Californians waiting throughout the coronavirus pandemic to get their first driver’s license or commercial license will get their first chance on Friday, when the state DMV resumes behind-the-wheel driving tests.
The in-vehicle tests, which are required for first-time applicants, have been suspended for three months, and some protocols have been updated in light of the continued need for social distancing.
Those who had their test cancelled due to coronavirus shutdowns will be the first in line, and their appointments will be automatically rescheduled. Those tests are expected to take several weeks to complete, the agency said in a news release.
“I’m asking for everyone’s patience as we safely clear the backlog of behind-the-wheel drive test appointments,” DMV Director Steve Gordon said in a statement. “For all of those Californians who have been waiting, we know how important this is to you.”
Appointments for new behind-the-wheel tests are expected to open up later this summer.
If your permit expired, you’ll need to submit new application online before taking your test. The DMV asks these applicants to check in 30 minutes before their appointment time.
Everyone taking a behind-the-wheel test will be required to wear a mask, and they will have to answer health screening questions before starting.
Those applying in Los Angeles, Orange, Riverside, San Bernardino and San Diego counties will also have their temperatures checked. That requirement will be rolled out to additional counties in the coming weeks, officials said.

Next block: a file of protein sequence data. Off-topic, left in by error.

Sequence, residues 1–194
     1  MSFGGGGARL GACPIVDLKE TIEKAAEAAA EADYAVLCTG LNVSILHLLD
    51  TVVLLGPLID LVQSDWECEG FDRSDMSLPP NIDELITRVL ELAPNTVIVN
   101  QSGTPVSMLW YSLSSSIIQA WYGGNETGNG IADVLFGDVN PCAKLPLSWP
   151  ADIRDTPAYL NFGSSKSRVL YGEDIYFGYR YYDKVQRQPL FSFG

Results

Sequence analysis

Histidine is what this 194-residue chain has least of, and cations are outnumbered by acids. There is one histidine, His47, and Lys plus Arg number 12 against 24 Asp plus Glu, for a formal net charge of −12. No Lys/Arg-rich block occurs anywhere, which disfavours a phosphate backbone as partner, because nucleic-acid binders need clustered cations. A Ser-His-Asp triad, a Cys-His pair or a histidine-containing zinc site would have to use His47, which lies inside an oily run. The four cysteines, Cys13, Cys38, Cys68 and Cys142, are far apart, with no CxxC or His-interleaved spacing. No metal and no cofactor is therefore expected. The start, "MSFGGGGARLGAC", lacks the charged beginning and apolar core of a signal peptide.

The DMV examiner will wear a face covering and gloves, and they will cover the test vehicle’s passenger seat and floorboard with plastic.
More of the test will also be done outside the vehicle, such as when the examiner is delivering pre-test instructions. And during the test, at least two of the vehicle’s windows must be lowered to increase ventilation.
In hopes of processing applicants faster the agency will give more exams each day, shorten the test route in many locations, and expand availability by extending hours and offering Saturday appointments in some locations.
The state’s DMV has been slowly resuming service. It reopened all 169 of its field offices earlier this month, but visitors must make an appointment, and some transactions are still not being offered. A full list of services currently available at the DMV can be found here.
But customers who do not need to conduct their business at a DMV location are still urged to do so online, through a virtual field office or at one of the agency’s kiosks. Online services have been expanded during the pandemic to include driver’s license and vehicle registration renewals, among other transactions.